Moving stolen bourbon never looked so easy.
In tracing the bourbon trail, statements revealed transactions and deliveries from Casey County into Cincinnati.
But as I write this in July based off of investigation documents from April and May, there’s speculation the bourbon barrels, or bourbon bottled from those barrels, made its way into other states. At least for the varying ages of stolen Pappy Van Winkle, they made it as far as Texas.
The Who and Where
Between Searcy and Curtsinger, they made moving the bulky barrels of stolen bourbon look easy.
Even though these were stainless steel barrels or the bulky wooden ones we all imagine in our minds, they moved them with the ease of an object one could hide in their pocket.
Each metal hoop on a 53-gallon bourbon barrel holds the individual oak staves in place.
Curtsinger and Searcy “allegedly” acted as those metal hoops holding the individual actors or “staves” within the crime ring in place. But after the other suspects were indicted, the ring easily broke.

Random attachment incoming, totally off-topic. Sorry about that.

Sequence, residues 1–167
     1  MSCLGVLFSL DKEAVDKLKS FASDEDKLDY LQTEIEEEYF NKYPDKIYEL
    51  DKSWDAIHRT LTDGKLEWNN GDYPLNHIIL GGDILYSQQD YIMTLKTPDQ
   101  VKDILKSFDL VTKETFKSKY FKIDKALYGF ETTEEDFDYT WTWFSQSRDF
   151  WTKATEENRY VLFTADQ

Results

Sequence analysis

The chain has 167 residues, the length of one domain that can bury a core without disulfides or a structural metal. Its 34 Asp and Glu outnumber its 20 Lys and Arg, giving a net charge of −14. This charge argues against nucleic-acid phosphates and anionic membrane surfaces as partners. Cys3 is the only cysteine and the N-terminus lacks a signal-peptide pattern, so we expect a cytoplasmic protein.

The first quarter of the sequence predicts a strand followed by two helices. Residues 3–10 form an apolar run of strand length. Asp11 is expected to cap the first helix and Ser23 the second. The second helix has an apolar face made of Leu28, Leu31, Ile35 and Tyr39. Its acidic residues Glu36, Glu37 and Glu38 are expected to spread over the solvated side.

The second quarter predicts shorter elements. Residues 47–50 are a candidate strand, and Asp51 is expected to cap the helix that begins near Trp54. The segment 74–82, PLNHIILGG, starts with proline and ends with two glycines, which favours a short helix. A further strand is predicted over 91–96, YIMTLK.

Two indictees Ronnie Hubbard and Shaun Ballard entered guilty pleas in May.
To keep this short and save the details for the book, Ballard, 30, of Richmond told authorities he acted as a middleman.
Over a five-year period, he sold approximately 20 cases (at 12 per case) of Pappy Van Winkle and 20 cases (6 per case) of Eagle Rare. While Ballard has stated he received only $100 in compensation, according to the documents Curtsinger allegedly received $20,000.
He procured the sale of two barrels that ultimately went to Laurel County and the barrel for the wife as a Christmas present in 2014 for her husband.
Hubbard, 37, of Georgetown, told the Franklin County Sheriff’s Office he entered an agreement with Curtsinger to obtain barrels of bourbon over two years and he allegedly obtained 17 barrels of bourbon from Curtsinger.
Hubbard sold bourbon to someone he “met” on a job site in northern Kentucky and sold barrels in Scott County, Stamping Ground, Georgetown and two barrels to undisclosed men from Cincinnati.
Be the first to comment on "Tracing the bourbon trail"